The inquiry, in its second week, is probing two government grants sought for Mr Maguire’s Wagga Wagga electorate, including $5.5 million for a clay target shooting club.
Ms Berejiklian is yet to give evidence but has vehemently denied any allegations of wrongdoing.
Read the full story here.
Queensland ‘vax-a-thon’ starts to lift low first-dose rate before border deadline
The first-dose pace has picked up in Queensland since the Palaszczuk government’s road map and regional “vax-a-thon” launched last week, but remains at almost the lowest rate since September.
With just days left for so-far unvaccinated residents to start their weeks-long process to be fully protected before the easing of travel restrictions from hotspot states, authorities remain concerned about regional areas but confident the 80 per cent target will be reached statewide.
Staff at the Brisbane Entertainment Centre mass vaccination hub at Boondall, in the city’s north.Credit:Matt Dennien
The latest federal vaccine rollout data shows a total of 60.7 per cent of Queensland residents 16 and older were fully vaccinated as of Sunday, with 75.2 per cent having received a first dose.
Western Australia remains the only jurisdiction behind Queensland on double-dose coverage.
More on the situation in Queensland here.
This morning’s headlines at a glance
Good morning and thanks for your company.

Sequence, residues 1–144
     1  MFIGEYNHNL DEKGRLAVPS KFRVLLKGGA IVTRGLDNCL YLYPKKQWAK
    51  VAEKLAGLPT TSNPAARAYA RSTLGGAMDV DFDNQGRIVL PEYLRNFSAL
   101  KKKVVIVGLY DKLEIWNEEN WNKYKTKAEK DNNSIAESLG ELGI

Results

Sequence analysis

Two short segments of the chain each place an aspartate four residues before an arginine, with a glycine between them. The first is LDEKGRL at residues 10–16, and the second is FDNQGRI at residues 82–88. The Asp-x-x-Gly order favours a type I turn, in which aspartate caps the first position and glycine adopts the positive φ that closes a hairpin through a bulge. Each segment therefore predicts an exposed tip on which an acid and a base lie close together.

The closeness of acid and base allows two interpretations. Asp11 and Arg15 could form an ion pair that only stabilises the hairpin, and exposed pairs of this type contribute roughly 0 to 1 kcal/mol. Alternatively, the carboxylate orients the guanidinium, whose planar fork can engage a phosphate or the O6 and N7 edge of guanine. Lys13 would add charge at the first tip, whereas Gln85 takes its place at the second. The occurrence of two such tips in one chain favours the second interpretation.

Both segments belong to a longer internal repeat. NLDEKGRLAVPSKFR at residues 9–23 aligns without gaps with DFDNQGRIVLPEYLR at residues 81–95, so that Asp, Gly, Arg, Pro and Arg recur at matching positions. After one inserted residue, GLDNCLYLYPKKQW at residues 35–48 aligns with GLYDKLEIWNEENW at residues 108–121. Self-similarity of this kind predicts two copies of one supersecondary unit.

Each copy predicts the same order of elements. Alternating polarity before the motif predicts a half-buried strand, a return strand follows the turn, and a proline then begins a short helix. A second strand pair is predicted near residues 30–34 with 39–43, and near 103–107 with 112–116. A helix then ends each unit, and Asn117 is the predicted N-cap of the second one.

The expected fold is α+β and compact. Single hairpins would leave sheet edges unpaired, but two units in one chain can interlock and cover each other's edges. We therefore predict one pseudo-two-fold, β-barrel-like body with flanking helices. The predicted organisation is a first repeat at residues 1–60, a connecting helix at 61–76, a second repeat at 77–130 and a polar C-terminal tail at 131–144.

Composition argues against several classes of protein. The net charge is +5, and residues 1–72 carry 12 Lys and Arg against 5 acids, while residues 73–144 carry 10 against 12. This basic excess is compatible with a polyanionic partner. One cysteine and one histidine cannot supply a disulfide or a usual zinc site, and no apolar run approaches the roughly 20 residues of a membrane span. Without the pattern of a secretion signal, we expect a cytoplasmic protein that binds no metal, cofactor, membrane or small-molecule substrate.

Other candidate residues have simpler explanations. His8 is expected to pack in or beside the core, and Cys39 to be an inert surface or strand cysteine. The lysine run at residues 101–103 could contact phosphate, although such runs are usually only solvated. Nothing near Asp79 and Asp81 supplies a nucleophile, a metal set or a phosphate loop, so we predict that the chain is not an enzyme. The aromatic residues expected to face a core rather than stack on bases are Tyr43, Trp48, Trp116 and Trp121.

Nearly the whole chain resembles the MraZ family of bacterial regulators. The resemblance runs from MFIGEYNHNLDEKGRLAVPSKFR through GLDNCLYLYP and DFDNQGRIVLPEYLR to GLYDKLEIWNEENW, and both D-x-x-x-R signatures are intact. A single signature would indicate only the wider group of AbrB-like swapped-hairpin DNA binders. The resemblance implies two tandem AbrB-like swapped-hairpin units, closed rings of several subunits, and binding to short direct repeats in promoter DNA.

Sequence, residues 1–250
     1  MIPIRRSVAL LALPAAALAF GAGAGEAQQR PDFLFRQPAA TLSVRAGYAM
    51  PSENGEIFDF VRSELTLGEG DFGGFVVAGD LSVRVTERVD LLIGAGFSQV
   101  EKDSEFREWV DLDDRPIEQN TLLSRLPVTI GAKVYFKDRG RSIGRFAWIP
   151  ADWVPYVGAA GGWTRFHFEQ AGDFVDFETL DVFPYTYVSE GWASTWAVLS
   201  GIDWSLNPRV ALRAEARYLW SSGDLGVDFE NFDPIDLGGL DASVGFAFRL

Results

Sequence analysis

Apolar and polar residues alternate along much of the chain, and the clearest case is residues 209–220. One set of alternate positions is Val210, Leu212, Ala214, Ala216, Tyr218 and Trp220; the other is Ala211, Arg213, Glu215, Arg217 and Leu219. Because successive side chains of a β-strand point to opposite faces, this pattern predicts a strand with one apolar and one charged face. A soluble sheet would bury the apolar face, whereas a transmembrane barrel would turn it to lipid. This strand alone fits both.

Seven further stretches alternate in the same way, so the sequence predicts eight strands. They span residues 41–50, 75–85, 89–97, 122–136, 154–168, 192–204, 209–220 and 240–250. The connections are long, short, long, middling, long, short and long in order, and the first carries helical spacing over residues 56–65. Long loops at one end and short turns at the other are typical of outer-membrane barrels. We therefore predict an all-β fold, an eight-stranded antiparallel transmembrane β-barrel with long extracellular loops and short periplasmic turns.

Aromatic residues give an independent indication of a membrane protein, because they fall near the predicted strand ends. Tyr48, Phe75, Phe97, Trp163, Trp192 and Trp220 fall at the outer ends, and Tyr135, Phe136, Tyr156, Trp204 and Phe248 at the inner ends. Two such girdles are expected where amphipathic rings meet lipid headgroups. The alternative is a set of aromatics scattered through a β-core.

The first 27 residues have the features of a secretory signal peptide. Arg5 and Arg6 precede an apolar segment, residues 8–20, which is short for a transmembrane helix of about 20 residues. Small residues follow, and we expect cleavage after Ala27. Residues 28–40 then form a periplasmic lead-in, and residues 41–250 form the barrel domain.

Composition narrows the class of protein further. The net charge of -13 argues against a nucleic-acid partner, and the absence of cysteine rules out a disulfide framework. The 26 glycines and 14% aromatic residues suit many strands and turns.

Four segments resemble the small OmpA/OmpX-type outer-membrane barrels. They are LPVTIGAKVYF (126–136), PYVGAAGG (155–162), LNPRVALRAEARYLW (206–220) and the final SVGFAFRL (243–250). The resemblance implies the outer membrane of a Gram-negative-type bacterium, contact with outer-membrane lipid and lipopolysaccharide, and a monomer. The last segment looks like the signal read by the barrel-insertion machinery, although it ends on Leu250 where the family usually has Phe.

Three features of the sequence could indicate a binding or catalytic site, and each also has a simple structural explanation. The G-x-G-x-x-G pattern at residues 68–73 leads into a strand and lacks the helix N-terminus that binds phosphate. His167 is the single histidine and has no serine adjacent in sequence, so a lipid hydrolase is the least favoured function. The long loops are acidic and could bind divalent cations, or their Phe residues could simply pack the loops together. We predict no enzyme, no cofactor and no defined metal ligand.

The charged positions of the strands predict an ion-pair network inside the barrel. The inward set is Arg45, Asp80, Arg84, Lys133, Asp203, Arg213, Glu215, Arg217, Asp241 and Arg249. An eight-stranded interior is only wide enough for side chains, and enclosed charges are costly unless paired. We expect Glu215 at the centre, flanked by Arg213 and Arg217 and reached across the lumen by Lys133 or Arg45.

It’s Tuesday, October 26. I’m Broede Carmody and I’ll be anchoring our live coverage for the first half of the day.
Here’s everything you need to know before we get started.
- Australia is set to become one of the few countries in the world offering a third coronavirus jab. A decision on Pfizer boosters is expected before the end of the week. Pharmacists are also keen to be involved in the booster rollout, but currently risk being left out unless the federal government allows pharmacists to dispense Pfizer (they are only allowed to distribute Moderna jabs at the moment). It comes as the federal and Victorian governments decide whether to allow unvaccinated international tennis players to compete in next year’s Australian Open.
- Crown will today learn whether it will retain its Melbourne casino licence. A royal commission heard the company failed to prevent money laundering and the infiltration of organised crime. Crown is one of Victoria’s largest employers, with more than 10,000 staff. Meanwhile, Victorian schools are grappling with the staggered return to face-to-face learning due to the number of coronavirus cases in the community. Hundreds of schools have temporarily closed over the past month. Victoria yesterday reported 1461 new cases of COVID-19 and seven deaths. There are 802 coronavirus patients in Victorian hospitals. Of those, 152 are in intensive care. In terms of vaccination, 74 per cent of Victorians aged 16 or over have had both jabs.
- Former NSW deputy premier John Barilaro has told a corruption inquiry he believes Gladys Berejiklian should have disclosed her relationship to disgraced ex-MP Daryl Maguire. Ms Berejiklian has denied any wrongdoing and is expected to give evidence to NSW’s Independent Commission Against Corruption this week. NSW yesterday reported 294 new local cases of COVID-19 and four deaths. There are 474 coronavirus patients in NSW hospitals. Of those, 116 are in intensive care. When it comes to vaccines, 84.8 per cent of people aged 16 and over in NSW are fully vaccinated.
- Police have revealed they are yet to speak to everyone who was at the remote Western Australian campsite where four-year-old Cleo Smith was last seen on the morning she went missing. It comes as her parents issue an emotional plea for their daughter to come home.
- And in the ACT, there were nine new coronavirus cases reported yesterday. There are currently 20 coronavirus patients in Canberra hospitals. Of those, 10 are in ICU.